MJ intended for us to see how environmental systems in nature can be mimicked in our human environments, but I got something a lot more valuable out of the exercise....

A reminder to slow down and really be with my surroundings.  Observe ALL of the parts - not just what is apparent with the eyes. Not just how I THINK things should flow and work and evolve.

Yeah...we "debriefed" afterwards.  I stood up in front of people I have mad respect for and improvised something sortakindanotreally related to the "exercise." I think I was muttering something about paying attention to "what lies beneath" when analyzing any system at the time this picture was taken.  At least - I tried to sound intelligent. 
"So Wendy, what do you think "Joy" is?" Dave asked when he realized I wasn't really engaged in the conversation by the river.

You know....this may be it.  The feeling that all is as it should be and I belong here.

That realization alone made the weekend.

Want an Engaging E-Learning Course? Start with a Case Study.

Articulate Rapid E-Learning Blog - Engaging e-learning courses can start with a case study

A few years back I worked for an organization that suffered through a number of workplace deaths. The company was fully committed to a safe work environment and already had sufficient training. However, they were concerned that people weren’t serious about the safety procedures which was the cause of the deaths.

So they put together some case studies where they told the story of how each death happened and how they could have been prevented. In all of the cases, the people disregarded the safety training and one person actually died right after giving a safety briefing and then ignored the precautions he just discussed.

To this day, I can recall many of the details and solutions that could have prevented the deaths because the way the cases were presented (and of course the emotional impact).

Here’s the point. Instead of building big interactive elearning courses to address the issue they created a series of case studies that were meaningful and real. Sometimes you don’t have time to build a big course. But at the same time you don’t want to get stuck with the typical click-and-read course. In those cases a case study is a great way to move past the information dump and create a meaningful course.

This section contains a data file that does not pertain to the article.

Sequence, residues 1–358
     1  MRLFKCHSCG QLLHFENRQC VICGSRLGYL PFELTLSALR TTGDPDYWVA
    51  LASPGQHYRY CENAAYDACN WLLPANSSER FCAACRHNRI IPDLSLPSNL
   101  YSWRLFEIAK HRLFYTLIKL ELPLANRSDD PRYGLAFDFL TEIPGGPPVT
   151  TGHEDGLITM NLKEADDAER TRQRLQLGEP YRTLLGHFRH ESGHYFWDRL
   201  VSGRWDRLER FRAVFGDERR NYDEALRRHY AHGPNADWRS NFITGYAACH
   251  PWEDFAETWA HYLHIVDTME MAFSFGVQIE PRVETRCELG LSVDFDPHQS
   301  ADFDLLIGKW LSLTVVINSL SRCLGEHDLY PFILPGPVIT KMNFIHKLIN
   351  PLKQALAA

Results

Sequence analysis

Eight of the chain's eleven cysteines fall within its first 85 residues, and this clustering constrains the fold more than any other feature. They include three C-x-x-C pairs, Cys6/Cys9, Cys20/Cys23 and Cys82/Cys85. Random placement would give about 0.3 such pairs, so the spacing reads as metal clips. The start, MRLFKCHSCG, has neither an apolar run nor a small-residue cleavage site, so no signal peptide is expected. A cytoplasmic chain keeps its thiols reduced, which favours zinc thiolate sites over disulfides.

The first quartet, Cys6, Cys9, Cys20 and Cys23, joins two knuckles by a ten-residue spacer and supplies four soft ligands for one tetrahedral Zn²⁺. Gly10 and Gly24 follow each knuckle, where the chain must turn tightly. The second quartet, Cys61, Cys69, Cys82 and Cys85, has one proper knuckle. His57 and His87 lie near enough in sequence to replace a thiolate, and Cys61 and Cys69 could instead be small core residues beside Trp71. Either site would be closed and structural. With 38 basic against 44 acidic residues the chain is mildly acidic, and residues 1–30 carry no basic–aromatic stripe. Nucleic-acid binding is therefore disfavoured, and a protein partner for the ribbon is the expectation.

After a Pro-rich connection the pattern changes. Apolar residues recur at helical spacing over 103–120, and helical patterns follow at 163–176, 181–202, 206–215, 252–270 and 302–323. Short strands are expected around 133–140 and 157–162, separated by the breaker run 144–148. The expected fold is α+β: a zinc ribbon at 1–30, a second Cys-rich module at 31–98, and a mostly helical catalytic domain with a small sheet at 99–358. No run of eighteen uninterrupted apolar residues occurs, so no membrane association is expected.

Engaging E-Learning Courses Are Relevant

A lot of elearning consists of mostly linear click-and-read courses. Those courses are fine for sharing information, but often they’re not very engaging or memorable. In fact, one of the things I’m asked most is how to get past the click-and-read course and make something more engaging.

My first rule of thumb is to make sure it’s relevant to the end user. If it’s not relevant, odds are you’ll resort to gimmicks to make it seem engaging.

For example, you may want to gamify it or build an interactive branched scenario. Those are all effective considerations when used appropriately. However those types of courses can also be frustrating if they are irrelevant and meaningless to the person taking the course.

So if you want to make engaging courses, first make sure that the content is relevant to the end user.

Engaging E-Learning Courses as Case Studies Take Less Time to Build

As we discussed earlier in the post on how to avoid boring courses one of the reasons why there are so many linear elearning courses is because they’re easy to build. With limited time, it’s a challenge to build an interactive and engaging course. It’s a lot easier to pull some information together and then publish it as a “course.”

But the reality is that those types of courses are more like electronic documents than they are courses. And that’s what we get—well documented (but less than engaging) elearning courses.